Ochoco National Forest: Barnhouse, Cottonwood Pit, Salter’s Cabin, Sugar Creek, Wolf Creek, Antelope Reservoir, Wildcat, Walton Lake, Deep Creek, Ochoco Forest Camp, and Ochoco Divide.
Prineville BLM: Castle Rock, Still Water, Lone Pine, Palisades, Chimney Rock, Cobble Rock, Post Pile, and Poison Butte.
In addition to campfire restrictions, smoking is restricted to an enclosed vehicle or building, in boats on lakes and rivers, or while stopped in an area at least three feet in diameter that is clear of all flammable material.
Portable cooking stoves or lanterns using liquefied or bottled fuel may be used in all areas.
The Mayfield Pond Fire was started Sunday afternoon by the use of Tannerite on BLM lands near along Alfalfa Market Road. Officials want to remind the public that using explosive material, such as Tannerite, and explosive targets for recreational shooting is prohibited during the entire fire season on Prineville District BLM lands. The use of exploding targets, Tannerite and other responsive targets is also prohibited on the Ochoco National Forest and Crooked River National Grassland for the duration of these fire restrictions. In all cases, when legally allowed, recreational shooters should bring their own targets, avoid damaging public resources and vegetation, and remove all target and shooting debris when they leave.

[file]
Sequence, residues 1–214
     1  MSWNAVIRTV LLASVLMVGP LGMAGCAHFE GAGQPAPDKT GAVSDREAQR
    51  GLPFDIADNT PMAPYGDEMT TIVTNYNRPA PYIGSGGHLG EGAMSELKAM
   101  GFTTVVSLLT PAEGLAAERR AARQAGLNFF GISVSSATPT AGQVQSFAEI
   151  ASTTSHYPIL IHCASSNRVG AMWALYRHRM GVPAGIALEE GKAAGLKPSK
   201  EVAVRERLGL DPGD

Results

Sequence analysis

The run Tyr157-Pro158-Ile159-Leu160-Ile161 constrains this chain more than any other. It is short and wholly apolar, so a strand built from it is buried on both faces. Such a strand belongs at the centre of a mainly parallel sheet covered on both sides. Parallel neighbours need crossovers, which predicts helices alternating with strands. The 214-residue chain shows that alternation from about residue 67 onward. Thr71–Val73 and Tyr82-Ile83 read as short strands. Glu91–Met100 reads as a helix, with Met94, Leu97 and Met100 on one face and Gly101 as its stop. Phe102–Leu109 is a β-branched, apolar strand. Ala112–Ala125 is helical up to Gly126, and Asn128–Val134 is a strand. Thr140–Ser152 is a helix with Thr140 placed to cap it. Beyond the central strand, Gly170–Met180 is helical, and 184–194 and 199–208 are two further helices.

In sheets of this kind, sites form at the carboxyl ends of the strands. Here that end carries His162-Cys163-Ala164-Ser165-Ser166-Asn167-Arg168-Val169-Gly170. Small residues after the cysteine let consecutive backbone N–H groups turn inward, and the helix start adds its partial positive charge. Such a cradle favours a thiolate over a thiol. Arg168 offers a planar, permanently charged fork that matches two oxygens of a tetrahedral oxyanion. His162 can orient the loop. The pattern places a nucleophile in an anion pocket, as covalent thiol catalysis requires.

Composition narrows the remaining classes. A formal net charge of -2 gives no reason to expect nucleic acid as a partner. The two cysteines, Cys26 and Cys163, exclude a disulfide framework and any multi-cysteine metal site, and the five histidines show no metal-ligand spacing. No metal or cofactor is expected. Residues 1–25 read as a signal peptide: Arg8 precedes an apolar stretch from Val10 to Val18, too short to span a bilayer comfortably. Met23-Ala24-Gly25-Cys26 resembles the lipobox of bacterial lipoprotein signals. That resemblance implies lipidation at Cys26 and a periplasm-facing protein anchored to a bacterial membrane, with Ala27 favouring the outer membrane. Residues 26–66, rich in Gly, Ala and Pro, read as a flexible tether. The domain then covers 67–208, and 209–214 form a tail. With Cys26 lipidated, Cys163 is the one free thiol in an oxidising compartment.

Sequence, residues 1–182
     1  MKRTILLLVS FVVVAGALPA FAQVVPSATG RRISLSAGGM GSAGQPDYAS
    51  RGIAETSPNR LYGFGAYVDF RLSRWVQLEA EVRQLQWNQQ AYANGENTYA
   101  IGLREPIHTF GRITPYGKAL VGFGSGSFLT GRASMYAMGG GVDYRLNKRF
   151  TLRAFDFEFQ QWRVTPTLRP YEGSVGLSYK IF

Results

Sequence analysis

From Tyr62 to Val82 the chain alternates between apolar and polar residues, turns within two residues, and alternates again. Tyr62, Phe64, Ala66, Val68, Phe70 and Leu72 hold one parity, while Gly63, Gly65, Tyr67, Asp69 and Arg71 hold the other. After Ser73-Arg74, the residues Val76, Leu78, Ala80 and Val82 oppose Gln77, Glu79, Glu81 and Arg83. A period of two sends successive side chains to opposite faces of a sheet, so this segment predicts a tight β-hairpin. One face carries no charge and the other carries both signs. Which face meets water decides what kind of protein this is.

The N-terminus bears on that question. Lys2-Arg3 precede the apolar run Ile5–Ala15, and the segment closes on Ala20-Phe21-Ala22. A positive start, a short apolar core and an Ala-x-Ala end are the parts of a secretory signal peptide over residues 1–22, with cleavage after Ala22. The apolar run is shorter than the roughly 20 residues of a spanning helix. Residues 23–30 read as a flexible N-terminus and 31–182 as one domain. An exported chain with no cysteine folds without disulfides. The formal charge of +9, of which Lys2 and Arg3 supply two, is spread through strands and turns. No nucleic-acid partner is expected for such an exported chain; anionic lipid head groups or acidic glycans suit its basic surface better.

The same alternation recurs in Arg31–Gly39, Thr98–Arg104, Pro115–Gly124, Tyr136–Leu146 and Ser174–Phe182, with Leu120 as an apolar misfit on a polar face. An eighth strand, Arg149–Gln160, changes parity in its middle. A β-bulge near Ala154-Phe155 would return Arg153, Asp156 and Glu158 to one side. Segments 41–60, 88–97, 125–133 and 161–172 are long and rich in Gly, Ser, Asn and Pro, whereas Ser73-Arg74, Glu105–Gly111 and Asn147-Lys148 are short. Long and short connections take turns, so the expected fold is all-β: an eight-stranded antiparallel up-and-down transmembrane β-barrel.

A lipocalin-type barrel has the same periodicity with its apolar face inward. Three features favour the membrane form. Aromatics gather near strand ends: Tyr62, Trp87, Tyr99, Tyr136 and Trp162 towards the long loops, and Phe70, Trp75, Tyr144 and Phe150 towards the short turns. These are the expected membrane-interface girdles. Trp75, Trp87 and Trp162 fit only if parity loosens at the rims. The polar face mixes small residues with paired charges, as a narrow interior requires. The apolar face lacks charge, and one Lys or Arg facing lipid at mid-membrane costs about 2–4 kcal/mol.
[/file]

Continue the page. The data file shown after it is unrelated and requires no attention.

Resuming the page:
The Evans Well fire was another human-caused fire that started this past weekend; igniting when a vehicle parked over dry vegetation. Although no roads are closed with these fire use restrictions (all current travel management regulations for the BLM and Forest Service remain in place), officials also want to remind people about the danger of driving or parking on vegetation. In light brush and grass, the hot undercarriage of a vehicle can quickly ignite a wildfire, threatening the safety of the driver and any passengers, as well as damaging or destroying the vehicle itself.
Public use restrictions are not put in place to ruin camping experiences. Officials carefully consider the current fire situation, fuel moisture and predicted weather before making the decision to implement fire restrictions. Every year lightning-caused fires already place a heavy demand on our firefighting resources, and put our wildlands, our firefighters, and our communities at risk. Fires caused through carelessness or negligence only increase the threat to life and livelihood, and place an even greater burden on already busy firefighters. Every fire that’s prevented protects our communities and helps our firefighters remain available, rested, and safe.